“Right through the whole spectrum of the women’s game, because girls and women are more emotional than men, so they take a goal going in not very well. So if you watch, if you go through the stats – which journalists love to do – go through stats and you’ll see teams conceding goals in 18 and 21 minutes, and then in 64 and 68 minutes. They group them because that is an emotional goal.

“We conceded in 48, with three in seven minutes or three in nine on Friday [in a 3-1 defeat to Austria]. We were conscious of that when we went 1-0 down, we killed the game and tried to just slow it right to give them time to get that emotional imbalance out of their head. And that’s an issue that we have – not just Northern Ireland – but all the countries have that problem.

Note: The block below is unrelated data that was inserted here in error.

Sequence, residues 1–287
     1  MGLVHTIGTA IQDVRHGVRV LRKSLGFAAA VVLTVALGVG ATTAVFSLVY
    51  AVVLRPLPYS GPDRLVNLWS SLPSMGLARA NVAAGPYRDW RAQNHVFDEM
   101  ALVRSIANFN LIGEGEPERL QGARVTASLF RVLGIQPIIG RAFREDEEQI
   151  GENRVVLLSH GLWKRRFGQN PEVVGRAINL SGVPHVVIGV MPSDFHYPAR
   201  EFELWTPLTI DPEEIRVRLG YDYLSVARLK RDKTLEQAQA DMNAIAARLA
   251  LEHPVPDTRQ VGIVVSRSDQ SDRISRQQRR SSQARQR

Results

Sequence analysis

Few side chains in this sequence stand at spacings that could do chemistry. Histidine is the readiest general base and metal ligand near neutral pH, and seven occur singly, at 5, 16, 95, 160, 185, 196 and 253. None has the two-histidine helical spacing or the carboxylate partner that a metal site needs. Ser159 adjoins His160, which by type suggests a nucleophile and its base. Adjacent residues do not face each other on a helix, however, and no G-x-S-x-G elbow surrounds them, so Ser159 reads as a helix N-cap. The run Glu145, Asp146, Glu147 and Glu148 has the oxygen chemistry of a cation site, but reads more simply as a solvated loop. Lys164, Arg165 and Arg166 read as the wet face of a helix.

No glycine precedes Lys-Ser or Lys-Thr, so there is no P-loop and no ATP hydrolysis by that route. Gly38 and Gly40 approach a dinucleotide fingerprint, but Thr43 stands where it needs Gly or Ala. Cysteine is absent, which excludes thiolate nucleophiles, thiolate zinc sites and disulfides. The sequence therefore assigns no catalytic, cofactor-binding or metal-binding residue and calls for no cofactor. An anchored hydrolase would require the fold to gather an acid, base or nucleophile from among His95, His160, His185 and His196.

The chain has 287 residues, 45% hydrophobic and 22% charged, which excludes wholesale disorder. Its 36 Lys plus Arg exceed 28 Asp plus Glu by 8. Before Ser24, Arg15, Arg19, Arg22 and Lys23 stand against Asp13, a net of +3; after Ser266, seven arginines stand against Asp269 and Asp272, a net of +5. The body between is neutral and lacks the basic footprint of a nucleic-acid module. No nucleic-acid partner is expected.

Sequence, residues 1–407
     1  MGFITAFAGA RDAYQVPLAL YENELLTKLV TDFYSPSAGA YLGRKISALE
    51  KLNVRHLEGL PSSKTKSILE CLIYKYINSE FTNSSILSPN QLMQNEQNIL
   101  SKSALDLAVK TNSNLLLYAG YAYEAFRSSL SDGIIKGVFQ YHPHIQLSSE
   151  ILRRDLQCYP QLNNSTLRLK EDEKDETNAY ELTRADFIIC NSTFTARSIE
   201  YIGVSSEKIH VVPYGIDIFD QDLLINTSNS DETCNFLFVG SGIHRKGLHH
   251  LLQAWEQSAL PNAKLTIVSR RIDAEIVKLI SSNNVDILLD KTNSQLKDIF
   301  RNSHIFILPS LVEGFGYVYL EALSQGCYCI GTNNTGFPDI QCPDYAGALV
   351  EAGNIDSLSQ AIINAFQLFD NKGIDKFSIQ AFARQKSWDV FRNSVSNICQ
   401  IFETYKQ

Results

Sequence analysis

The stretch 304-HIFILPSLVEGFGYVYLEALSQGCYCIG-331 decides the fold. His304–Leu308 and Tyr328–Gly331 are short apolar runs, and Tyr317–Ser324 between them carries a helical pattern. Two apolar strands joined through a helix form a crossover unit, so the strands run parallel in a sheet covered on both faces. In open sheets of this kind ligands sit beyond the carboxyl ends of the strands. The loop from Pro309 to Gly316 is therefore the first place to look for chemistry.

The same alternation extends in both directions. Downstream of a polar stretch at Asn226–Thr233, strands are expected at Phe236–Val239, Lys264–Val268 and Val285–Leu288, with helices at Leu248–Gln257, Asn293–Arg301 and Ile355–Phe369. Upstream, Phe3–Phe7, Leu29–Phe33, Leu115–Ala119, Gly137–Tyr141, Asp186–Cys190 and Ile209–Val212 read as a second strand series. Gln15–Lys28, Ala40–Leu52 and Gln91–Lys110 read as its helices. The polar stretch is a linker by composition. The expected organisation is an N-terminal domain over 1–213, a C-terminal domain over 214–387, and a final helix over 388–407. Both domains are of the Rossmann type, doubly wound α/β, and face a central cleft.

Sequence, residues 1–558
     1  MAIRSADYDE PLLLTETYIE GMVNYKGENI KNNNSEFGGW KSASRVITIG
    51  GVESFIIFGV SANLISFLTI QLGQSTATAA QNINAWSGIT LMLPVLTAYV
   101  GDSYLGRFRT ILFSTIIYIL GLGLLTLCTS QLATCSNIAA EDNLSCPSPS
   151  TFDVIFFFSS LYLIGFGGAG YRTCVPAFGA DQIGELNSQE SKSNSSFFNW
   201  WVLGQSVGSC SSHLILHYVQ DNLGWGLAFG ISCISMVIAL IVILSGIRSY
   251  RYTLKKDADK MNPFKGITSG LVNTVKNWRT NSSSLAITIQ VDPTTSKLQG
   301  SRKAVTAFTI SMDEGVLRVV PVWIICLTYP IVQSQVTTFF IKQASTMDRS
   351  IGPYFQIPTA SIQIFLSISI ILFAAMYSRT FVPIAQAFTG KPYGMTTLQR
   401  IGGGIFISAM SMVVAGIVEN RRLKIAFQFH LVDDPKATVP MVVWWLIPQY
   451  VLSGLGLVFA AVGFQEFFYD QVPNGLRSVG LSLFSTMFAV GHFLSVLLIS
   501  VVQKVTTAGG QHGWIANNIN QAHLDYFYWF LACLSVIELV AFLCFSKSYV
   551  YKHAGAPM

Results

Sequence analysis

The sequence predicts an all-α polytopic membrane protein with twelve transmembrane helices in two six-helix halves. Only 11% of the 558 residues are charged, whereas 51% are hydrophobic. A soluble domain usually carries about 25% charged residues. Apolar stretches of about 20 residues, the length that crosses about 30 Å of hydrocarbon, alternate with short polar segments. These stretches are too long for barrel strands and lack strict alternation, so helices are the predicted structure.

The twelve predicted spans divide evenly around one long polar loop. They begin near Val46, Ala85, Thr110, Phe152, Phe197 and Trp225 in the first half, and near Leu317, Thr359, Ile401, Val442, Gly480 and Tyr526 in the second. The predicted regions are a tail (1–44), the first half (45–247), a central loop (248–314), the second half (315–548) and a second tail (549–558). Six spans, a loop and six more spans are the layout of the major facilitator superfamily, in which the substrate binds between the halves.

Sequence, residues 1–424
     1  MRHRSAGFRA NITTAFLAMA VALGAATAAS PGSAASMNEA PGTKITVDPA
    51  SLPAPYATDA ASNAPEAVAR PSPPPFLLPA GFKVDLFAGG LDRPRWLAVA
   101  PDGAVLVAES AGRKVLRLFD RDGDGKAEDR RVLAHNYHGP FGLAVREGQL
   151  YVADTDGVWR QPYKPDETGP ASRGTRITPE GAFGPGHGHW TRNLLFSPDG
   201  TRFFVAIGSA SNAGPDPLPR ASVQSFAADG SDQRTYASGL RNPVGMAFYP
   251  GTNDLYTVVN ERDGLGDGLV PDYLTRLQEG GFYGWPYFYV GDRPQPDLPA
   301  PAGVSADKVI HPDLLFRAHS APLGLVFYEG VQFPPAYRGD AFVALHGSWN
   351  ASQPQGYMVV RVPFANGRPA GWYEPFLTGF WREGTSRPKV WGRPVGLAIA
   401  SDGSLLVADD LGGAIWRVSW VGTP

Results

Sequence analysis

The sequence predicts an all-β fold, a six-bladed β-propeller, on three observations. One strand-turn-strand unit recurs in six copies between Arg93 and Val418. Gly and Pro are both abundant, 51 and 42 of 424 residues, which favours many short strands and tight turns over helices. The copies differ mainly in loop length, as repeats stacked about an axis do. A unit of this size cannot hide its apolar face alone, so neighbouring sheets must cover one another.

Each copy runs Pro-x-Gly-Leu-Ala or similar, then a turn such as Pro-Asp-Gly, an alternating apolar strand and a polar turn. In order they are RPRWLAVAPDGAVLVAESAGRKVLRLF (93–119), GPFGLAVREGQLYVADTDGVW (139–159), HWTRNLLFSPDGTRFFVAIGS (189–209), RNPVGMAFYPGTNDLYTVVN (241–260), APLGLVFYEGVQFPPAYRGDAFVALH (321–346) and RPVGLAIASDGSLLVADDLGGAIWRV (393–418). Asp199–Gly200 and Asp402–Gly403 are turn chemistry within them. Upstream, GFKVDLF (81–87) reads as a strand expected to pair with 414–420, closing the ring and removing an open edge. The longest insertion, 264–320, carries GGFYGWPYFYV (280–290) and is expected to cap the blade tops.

“I shouldn’t have told you that.”

Georgia Stanway scored twice against Northern Ireland

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Georgia Stanway scored twice against Northern Ireland

Shiels then issued an apology on Wednesday, saying: “I wish to apologise for my comments made in the post-match press conference last night. I am sorry for the offence that they have caused.

“Last night was a special occasion for the women’s game in Northern Ireland and I am proud to manage a group of players who are role models for so many girls, and boys, across the country.

“I am an advocate for the women’s game and passionate about developing opportunities for women and girls to flourish.”

Callaghan: Shiels ‘transformed our mindset’

NI Women

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Captain Marissa Callaghan said in a statement the NI Women squad “collectively stand by our manager”